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Referential Integrity - linking multiple tables to transaction table

P: n/a
I have transaction table where the rows entered into the transaction
can come a result of changes that take place if four different tables.
So the situation is as follows:

Transaction Table
-TranId
-Calc Amount

Table 1 (the amount is inserted into the transaction table)
- Tb1Id
- Tb1Amt

Table 2 (an amount is calculated based on the percentage and inserted
into the transaction table)
-Tbl2Id
-Tb2Percentage

Table 3 (the amount is inserted into the transaction table)
-Tbl3Id
-Tbl3Amut

Table 4 (an amount is calculated based on the percentage and inserted
into the transaction table. )
-Tbl2Id
-Tb2Percentage

How do I create referential integrity between the Transaction table and
the rest of the tables. When I make changes to the values in Table 1 -
4, I need to be able to reflect this in the Transaction table.

Thanks.

Mar 3 '06 #1
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6 Replies


P: n/a
Can you make "Transaction Table" into a view
based on joins between your other 4 tables?

Where does TransID come from?

Mar 3 '06 #2

P: n/a
Thanks,

Trans ID is generated - identify column.

We thought of using a view. But the when the core object is set to
LIVE, all changes from then on will be tracked as new transactions in
the transaction table. So in essence, you have have a row in Table 1 -
4 that has multiple transactions in the transacation table. We could
add a column to the Transaction Table set it to refer to the Ids of
Table 1 - 4. But we won't be able to use the DBMS contraints to enfore
this. Possibly a middle table to each Table 1 to 4?

Mar 3 '06 #3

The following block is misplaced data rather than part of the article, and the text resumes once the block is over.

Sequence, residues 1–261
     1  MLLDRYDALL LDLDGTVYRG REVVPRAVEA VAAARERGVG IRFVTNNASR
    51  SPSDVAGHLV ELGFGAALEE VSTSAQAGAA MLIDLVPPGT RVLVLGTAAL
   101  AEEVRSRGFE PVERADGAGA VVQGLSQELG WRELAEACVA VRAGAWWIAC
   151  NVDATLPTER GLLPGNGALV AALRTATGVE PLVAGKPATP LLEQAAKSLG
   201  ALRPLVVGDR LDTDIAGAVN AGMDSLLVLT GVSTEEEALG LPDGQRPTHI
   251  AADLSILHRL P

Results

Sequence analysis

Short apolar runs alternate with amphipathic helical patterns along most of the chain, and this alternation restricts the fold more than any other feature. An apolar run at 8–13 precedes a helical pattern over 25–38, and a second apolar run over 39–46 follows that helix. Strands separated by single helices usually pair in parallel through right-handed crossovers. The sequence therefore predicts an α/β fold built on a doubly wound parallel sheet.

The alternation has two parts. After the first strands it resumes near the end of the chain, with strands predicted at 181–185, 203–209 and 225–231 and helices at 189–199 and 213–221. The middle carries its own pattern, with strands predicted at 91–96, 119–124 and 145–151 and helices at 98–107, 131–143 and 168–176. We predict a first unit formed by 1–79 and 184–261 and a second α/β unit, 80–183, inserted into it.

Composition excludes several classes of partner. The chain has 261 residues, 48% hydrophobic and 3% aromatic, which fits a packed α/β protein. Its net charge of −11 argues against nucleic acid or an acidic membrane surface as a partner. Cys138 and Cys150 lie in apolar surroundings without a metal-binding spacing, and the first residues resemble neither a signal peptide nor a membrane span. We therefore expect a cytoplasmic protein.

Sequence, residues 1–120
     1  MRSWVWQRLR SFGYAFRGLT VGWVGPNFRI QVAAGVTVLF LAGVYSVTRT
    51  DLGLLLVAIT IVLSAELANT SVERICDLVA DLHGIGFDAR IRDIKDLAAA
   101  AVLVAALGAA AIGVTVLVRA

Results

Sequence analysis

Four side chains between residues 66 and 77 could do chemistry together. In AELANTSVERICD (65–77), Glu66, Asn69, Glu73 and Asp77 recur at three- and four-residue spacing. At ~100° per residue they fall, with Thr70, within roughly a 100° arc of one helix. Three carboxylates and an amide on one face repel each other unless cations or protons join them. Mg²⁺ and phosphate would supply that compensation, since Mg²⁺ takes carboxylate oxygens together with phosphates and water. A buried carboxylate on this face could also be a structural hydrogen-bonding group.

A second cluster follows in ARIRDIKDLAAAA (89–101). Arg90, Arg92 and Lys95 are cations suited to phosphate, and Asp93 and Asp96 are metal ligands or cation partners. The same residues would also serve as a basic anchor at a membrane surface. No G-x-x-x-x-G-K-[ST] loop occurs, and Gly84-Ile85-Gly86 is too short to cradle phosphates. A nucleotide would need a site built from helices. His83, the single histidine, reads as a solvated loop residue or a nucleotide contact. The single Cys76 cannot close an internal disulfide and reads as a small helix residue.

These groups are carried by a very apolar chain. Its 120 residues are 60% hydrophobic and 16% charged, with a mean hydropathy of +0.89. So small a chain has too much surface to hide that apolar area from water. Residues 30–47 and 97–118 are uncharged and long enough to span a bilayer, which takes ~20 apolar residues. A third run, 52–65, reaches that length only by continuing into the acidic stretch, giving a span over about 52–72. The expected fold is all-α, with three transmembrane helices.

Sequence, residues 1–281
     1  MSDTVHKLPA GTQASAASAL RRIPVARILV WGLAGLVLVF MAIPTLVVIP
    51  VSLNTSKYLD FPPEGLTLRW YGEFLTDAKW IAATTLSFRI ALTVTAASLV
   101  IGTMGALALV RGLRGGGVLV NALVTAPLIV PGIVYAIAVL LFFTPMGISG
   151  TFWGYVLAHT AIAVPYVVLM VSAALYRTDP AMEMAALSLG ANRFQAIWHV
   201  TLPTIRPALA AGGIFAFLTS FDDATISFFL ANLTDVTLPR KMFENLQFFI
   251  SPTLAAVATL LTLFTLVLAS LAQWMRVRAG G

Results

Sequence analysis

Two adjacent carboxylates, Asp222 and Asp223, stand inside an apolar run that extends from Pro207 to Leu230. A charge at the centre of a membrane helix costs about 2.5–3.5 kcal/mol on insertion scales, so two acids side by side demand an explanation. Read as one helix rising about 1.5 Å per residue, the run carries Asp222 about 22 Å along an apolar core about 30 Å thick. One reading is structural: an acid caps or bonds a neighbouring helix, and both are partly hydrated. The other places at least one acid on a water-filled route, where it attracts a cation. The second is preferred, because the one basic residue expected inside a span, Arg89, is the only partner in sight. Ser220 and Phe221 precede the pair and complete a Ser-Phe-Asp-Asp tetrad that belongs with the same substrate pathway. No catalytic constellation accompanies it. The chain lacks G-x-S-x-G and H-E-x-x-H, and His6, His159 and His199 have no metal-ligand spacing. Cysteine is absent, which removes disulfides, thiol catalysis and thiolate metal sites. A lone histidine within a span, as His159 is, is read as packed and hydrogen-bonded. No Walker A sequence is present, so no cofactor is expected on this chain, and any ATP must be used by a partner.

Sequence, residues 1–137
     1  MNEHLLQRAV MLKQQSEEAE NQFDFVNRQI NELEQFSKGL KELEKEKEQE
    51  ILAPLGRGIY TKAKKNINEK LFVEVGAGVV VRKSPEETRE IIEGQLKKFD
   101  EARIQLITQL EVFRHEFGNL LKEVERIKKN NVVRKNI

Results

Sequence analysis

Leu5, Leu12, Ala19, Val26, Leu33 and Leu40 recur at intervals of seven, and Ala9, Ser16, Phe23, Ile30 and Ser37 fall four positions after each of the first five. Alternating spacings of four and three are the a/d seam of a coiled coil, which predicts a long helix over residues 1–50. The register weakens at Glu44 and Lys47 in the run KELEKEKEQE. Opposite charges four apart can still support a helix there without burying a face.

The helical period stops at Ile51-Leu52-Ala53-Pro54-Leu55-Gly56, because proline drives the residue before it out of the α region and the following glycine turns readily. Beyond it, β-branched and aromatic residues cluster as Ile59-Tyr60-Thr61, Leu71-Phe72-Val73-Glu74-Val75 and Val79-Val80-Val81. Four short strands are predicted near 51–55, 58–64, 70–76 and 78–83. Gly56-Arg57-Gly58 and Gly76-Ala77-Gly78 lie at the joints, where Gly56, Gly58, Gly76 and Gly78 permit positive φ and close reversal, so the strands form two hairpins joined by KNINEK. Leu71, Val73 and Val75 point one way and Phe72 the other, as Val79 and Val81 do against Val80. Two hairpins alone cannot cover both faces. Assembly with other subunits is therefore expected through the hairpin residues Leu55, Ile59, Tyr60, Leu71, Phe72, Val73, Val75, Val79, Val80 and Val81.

P: n/a
(he******@gmail.com) writes:
I have transaction table where the rows entered into the transaction
can come a result of changes that take place if four different tables.
So the situation is as follows:

Transaction Table
-TranId
-Calc Amount

Table 1 (the amount is inserted into the transaction table)
- Tb1Id
- Tb1Amt

Table 2 (an amount is calculated based on the percentage and inserted
into the transaction table)
-Tbl2Id
-Tb2Percentage

Table 3 (the amount is inserted into the transaction table)
-Tbl3Id
-Tbl3Amut

Table 4 (an amount is calculated based on the percentage and inserted
into the transaction table. )
-Tbl2Id
-Tb2Percentage

How do I create referential integrity between the Transaction table and
the rest of the tables. When I make changes to the values in Table 1 -
4, I need to be able to reflect this in the Transaction table.


Depends on what you mean with changes, but obviously if you change an
amount in one table and you want that to affect the CalcAmount in the
Transaction table, then you should consider a trigger. For that to
work, the Transaction table need to have one FK column per referencing
table.
Your description was quite brief, and very abstract. It is not at all
impossible that there is a better design, if you can give more meat of
what is behind the various tables.

--
Erland Sommarskog, SQL Server MVP, es****@sommarskog.se

Books Online for SQL Server 2005 at
http://www.microsoft.com/technet/pro...ads/books.mspx
Books Online for SQL Server 2000 at
http://www.microsoft.com/sql/prodinf...ons/books.mspx
Mar 3 '06 #4

P: n/a
Thanks.
Well the application we are designing is for Premium calcuation. The
transaction table will store all the premium calcuation breakdowns.
The reference to table 1 - 4 are various elements within the system
that will generated chargeable premiums. Eg. the product selected;